|Group||Actinides||Melting point||644°C, 1191°F, 917 K|
|Period||7||Boiling point||3902°C, 7056°F, 4175 K|
|Block||f||Density (g cm−3)||20.2|
|Atomic number||93||Relative atomic mass|||
|State at 20°C||Solid||Key isotopes||237Np|
|Electron configuration||[Rn] 5f46d17s2||CAS number||7439-99-8|
|ChemSpider ID||22375||ChemSpider is a free chemical structure database|
- Neptunium has an atomic number of 93, present in the actinide series of on the Periodic Table.
- Neptunium is found between uranium (92), the last of the natural elements, and plutonium (94).
- Like its two closest neighbors, it belongs to the actinide series, so named because of the chemical affinity with actinium (89).
- First, of the artificially produced elements, Np starts the series of the 11 transuranic elements, all radioactive, heavy metals.
- Like plutonium and uranium, neptunium (237) is an alpha emitter, which means that as it disintegrates, it emits a particle formed of two protons and two neutrons (similar to a helium nucleus). It then transmutes into protactinium 233 (element 91).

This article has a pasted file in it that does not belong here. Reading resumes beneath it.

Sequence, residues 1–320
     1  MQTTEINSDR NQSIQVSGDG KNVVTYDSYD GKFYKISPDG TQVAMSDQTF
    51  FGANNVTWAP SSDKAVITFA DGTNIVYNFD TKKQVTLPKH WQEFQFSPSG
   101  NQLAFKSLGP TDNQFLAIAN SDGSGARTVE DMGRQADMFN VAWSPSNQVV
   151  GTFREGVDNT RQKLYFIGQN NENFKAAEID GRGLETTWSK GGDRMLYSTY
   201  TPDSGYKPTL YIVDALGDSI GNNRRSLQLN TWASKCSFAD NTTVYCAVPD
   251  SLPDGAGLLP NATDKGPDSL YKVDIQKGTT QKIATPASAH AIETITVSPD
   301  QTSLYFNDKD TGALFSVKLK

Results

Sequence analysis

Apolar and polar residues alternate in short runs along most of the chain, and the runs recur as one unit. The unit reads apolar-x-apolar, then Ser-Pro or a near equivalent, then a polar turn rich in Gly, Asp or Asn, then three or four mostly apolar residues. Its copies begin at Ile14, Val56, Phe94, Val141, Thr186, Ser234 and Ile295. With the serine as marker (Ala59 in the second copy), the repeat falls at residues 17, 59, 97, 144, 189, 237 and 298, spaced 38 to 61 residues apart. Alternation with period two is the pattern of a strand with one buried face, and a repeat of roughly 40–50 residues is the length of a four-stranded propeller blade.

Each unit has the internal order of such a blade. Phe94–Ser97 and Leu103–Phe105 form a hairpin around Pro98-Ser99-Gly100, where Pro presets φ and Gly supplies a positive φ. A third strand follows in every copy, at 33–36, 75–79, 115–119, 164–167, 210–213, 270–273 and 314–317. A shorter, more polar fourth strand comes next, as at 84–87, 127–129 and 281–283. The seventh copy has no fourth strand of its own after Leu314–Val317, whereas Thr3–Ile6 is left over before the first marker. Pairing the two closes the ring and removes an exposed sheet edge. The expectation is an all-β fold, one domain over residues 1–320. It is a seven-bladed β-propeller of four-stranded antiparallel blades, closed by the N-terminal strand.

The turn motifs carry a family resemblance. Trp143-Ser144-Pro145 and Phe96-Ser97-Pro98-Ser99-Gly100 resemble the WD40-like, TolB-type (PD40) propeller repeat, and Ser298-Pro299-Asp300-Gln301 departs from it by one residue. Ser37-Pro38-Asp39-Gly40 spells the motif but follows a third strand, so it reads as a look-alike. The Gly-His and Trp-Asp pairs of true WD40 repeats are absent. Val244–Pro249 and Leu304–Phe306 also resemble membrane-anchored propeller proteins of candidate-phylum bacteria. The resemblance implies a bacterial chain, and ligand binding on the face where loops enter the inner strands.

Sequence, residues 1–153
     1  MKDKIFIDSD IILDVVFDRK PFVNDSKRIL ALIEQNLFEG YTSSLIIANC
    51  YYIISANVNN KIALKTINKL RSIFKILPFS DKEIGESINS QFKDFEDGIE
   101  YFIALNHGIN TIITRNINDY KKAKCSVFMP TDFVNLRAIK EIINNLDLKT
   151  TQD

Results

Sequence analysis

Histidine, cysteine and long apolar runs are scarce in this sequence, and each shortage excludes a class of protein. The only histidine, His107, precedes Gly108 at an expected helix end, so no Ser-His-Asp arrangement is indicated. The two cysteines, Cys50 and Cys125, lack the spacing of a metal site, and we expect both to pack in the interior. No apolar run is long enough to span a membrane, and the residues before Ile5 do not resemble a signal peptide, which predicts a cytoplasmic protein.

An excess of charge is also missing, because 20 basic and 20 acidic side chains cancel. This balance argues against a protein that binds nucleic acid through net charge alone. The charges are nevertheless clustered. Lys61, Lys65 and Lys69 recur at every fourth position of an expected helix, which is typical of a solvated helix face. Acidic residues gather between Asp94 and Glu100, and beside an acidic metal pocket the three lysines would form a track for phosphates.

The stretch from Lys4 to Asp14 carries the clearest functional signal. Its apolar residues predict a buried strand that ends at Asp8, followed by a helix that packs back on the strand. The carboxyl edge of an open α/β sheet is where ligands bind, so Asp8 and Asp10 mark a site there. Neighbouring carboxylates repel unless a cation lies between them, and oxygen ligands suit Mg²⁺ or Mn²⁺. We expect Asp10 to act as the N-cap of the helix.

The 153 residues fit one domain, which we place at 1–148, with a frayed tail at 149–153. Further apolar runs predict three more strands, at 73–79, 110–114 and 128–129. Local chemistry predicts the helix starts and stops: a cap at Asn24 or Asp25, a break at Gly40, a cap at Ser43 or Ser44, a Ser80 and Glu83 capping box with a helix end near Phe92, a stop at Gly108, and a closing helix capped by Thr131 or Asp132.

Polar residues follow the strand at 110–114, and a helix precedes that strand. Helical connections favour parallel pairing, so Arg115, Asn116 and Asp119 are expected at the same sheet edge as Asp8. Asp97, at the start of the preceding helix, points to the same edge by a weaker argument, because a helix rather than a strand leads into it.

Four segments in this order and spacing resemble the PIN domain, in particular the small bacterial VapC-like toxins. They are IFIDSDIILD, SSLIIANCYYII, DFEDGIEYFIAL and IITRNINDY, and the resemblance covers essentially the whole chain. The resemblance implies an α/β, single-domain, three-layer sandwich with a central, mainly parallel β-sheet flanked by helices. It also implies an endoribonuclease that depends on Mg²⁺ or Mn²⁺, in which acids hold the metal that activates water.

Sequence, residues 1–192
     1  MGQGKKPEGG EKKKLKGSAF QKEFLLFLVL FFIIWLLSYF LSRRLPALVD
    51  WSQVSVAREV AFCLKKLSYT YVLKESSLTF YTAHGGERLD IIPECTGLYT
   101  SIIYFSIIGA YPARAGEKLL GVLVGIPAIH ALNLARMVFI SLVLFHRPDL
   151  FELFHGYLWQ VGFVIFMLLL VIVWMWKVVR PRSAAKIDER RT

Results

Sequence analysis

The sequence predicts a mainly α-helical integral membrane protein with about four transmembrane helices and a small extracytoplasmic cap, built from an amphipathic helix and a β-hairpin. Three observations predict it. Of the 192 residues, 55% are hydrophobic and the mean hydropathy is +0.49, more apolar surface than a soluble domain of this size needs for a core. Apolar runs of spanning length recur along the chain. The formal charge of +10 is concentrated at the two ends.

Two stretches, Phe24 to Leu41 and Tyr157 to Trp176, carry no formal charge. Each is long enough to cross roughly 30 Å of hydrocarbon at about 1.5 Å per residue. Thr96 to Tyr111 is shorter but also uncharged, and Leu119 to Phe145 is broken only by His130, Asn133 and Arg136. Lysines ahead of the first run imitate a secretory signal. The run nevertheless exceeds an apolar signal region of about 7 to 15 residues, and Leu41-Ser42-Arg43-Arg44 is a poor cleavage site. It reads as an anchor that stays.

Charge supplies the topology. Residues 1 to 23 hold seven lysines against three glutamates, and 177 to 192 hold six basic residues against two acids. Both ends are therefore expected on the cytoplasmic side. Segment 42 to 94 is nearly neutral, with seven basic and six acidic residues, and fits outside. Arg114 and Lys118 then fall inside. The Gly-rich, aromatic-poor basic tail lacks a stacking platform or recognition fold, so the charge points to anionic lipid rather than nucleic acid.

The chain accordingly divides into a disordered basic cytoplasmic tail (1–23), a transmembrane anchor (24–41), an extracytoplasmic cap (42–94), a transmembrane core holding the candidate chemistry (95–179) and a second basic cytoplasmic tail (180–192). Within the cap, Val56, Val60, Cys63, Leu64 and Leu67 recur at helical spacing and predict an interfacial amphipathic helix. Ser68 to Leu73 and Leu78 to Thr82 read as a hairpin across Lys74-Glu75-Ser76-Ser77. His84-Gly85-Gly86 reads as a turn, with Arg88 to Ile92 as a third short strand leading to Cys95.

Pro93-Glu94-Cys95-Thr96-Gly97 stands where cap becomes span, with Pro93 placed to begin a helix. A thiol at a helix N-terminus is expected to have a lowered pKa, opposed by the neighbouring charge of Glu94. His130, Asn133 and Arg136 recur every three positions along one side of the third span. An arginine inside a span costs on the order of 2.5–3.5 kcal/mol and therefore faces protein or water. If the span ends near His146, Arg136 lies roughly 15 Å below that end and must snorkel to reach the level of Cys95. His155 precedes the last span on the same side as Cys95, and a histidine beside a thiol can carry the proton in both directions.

- Neptunium is produced through neutron bombardment of a uranium nucleus.
- Plutonium 238 is obtained as a result of using Np 237 as a target in research reactors, which constitutes a significant source of energy for space missions.
- Found in nuclear waste as a mixture with other fission products, Neptunium 237 also appears in increasing quantity as a product of americium 241.
- With a critical mass of 73 kg, Neptunium is considered usable in nuclear weapons. Although, no country is known to have used it to make a nuclear explosive device.
- Np with no major commercial uses of Np is needed for research and exploratory work.
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